“Negotiations by K’ómoks towards the acquisition of an economically viable forestry operation began in 2021,” says K’ómoks Chief Ken Price, who is a registered professional forester. “Historically, our people have always been involved in the forestry industry,” says Chief Price. “This forestry partnership agreement reflects not only a significant and meaningful incremental step forwards in our vision for economic wellbeing as a Nation, but our vision for a K’ómoks Treaty with the provincial and federal governments. K’ómoks would like to acknowledge Nanwakolas Council for its support of the Nations during the negotiations process, and our partners Tlowitsis, We Wai Kai, and Wei Wai Kum. As First Nations, we all look forward to taking our rightful place in forestry ownership and management in our territories.” The partnership achieves one of the “Winning Conditions” of reaching a K’ómoks Treaty and K’ómoks has put significant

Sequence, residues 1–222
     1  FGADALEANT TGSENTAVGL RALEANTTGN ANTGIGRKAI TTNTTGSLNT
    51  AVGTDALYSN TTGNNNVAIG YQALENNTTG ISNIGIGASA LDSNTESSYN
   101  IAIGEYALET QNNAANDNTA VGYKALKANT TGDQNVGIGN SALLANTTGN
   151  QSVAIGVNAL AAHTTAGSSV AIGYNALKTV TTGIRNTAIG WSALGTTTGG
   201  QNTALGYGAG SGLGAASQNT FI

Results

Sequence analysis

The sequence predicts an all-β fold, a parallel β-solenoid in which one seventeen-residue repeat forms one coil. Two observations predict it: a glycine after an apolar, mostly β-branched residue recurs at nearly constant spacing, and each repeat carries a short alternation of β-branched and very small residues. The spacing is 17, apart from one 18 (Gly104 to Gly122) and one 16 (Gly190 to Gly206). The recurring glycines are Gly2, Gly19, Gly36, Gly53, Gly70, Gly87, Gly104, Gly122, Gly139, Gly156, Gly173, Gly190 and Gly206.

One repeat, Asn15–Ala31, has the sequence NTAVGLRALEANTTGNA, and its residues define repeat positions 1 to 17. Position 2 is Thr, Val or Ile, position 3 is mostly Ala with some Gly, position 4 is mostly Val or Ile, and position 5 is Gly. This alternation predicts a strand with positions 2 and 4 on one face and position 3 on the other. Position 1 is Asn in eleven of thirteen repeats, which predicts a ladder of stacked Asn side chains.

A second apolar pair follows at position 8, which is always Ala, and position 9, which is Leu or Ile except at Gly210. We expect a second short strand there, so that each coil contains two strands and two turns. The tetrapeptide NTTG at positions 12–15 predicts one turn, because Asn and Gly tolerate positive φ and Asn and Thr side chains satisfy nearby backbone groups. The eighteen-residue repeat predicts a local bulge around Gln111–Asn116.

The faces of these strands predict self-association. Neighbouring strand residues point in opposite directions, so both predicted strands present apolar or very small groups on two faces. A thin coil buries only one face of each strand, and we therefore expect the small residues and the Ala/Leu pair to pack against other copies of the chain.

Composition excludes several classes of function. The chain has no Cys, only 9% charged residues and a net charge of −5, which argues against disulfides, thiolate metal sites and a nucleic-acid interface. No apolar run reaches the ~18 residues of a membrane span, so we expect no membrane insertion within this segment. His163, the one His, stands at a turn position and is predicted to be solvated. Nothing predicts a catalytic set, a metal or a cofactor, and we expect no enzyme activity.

resources into the work that has led up to this point. “We thank Western for their work to make the Partnership happen, and the support for our negotiations over the years from the Government of Canada and from the provincial government.”

“For Tlowitsis First Nation, this Agreement represents a new way forward that is deeply meaningful,” says Tlowitsis Chief John Smith. “The opportunity to be on the ground working on our territories is huge – to provide jobs for our young people, revenue to support our Nation, and simply a better way of doing business together, is priceless.”

“We Wai Kai is making significant investments in forestry, including the development and growth of our logging company, Way Key,” says We Wai Kai Chief Ronnie Chickite. “We appreciate the recognition by Western and British Columbia that we are an integral partner in the forest industry in our territory. This Agreement, and the Partnership it creates, is an important step forward for our Nation in participating meaningfully in the forest economy and taking back governance over our lands and resources.”